The post_thumbnail_html filter acts on the html generated to display the featured image. My code above gets the filename of the featured image, checks if it’s in the current post and if it is returns a blank string. Feedback welcome if you have a better way of doing this!
99.999999% of my readers can probably ignore this one, but if you are of the small minority who use Rsync and have Mac and Linux computers in your home you’ll want to read this.
I have Plex running on a Raspberry Pi for my music. I have a large mp3 folder. Too large to run Syncthing on it unfortunately, but an occasional rsync is perfectly fine.
I thought it worked fine until I quickly realised it was syncing the same files over and over again. It turns out the Mac and Linux machines I’m using have different ideas about character sets their filenames are stored in. A file with an accented character on the Mac is completely different to one that looks the same on the Linux box.
The solution took a while for me to find but it’s very simple. Rsync has an option named --iconv to convert between character sets!
The solution was embarrassingly simple: Much due to a comment I read when researching the problem, I thought you were supposed to specify the character set in the order of transformation; but it seems as that is not the correct syntax. Rather, one should always use --iconv=utf-8-mac,utf-8 when initialising the rsync from the mac, and always use --iconv=utf-8,utf-8-mac when initialising the rsync from the linux machine, no matter if I want to sync files from the mac or linux machine.
Then it works like magic!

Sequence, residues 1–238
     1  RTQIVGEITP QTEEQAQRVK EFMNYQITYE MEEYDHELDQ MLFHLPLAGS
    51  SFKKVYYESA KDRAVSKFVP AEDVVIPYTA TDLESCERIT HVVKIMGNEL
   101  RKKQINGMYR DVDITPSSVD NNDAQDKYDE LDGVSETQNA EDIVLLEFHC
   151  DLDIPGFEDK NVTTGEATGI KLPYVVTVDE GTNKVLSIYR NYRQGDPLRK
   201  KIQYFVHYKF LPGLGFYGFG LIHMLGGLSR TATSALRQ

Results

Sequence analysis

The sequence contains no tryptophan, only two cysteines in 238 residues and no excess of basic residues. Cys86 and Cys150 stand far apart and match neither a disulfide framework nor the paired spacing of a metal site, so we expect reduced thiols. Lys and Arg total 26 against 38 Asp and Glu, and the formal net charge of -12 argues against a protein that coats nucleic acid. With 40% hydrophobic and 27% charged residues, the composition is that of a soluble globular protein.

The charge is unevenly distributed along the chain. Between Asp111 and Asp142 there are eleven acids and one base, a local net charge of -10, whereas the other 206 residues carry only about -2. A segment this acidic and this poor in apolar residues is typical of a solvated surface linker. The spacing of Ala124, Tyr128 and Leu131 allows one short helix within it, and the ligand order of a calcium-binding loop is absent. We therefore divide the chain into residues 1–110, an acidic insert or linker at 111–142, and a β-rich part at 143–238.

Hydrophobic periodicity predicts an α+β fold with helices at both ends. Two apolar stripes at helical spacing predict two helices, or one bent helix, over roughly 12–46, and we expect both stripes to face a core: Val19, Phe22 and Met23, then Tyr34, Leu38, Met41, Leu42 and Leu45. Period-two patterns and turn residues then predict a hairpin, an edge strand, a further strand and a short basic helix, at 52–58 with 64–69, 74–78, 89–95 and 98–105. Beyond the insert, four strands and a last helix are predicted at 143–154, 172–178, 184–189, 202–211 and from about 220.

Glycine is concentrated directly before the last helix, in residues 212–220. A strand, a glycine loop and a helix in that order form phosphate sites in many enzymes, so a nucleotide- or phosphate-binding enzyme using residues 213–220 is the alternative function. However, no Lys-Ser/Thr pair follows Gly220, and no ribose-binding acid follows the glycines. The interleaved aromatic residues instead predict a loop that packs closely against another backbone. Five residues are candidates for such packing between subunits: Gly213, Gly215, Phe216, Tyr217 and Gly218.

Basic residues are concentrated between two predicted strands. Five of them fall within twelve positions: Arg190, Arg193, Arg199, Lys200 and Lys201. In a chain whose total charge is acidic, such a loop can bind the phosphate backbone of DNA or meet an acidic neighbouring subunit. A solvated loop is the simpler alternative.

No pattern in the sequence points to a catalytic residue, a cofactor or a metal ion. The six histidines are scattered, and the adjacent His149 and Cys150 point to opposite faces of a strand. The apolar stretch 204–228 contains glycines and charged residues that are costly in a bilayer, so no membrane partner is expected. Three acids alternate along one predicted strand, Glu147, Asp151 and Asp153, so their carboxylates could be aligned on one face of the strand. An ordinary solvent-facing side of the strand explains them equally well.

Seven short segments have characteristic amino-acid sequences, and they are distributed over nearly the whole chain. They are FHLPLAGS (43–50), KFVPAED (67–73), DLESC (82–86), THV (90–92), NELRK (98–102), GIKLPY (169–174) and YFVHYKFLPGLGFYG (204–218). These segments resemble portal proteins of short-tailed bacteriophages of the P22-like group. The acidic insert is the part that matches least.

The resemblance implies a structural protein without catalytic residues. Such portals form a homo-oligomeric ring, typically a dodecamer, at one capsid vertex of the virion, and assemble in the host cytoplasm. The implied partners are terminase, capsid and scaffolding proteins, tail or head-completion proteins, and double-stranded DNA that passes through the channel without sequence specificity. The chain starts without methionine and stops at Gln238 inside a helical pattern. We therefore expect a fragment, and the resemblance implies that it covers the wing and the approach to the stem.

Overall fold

EDIT: Indeed, sometimes, checking the manual page closely is a good thing to do. Here it is, black on white:
Rsync can convert filenames between character sets using this
option. Using a CONVERT_SPEC of "." tells rsync to look up the
default character-set via the locale setting. Alternately, you
can fully specify what conversion to do by giving a local and a
remote charset separated by a comma in the order
--iconv=LOCAL,REMOTE, e.g. --iconv=utf8,iso88591. This order
ensures that the option will stay the same whether you're push-
ing or pulling files.
I noticed that a lot of Instagram users, such as Alan Schaller to name but one, were posting images with thick white borders to make their images into the square images that Instagram favours. I like the striking look these images have in the Instagram gallery.
I wondered for some time about the best way of adding this border and from brief searches there are apps that will add the border but my workflow involves Lightroom so I wanted to integrate the border making into my export process.
I work on a Mac, and already have ImageMagick installed so I knew a little shell scripting would probably go a long way.
A couple of searches later, and I found this page describing how to use ImageMagick to create a floating image within a square canvas without changing the aspect ratio of the image.
Instagram resizes to 1080px wide so by using the following code I could make a rectangular image into a square:
convert -background white -gravity center input.jpg \
-resize 1080x1080 -extent 1080x1080 result.jpg
Once I could do that, the rest was simple. I have a Lightroom export for Instagram images that resizes them and places them in a folder where they are synced automatically with my phone using Syncthing.
Export actions have a “post processing” section where Lightroom can call an external script. I created the following script, made it executable with chmod a+x add_instagram_border.sh and added to Lightroom using “Open in Other Application”.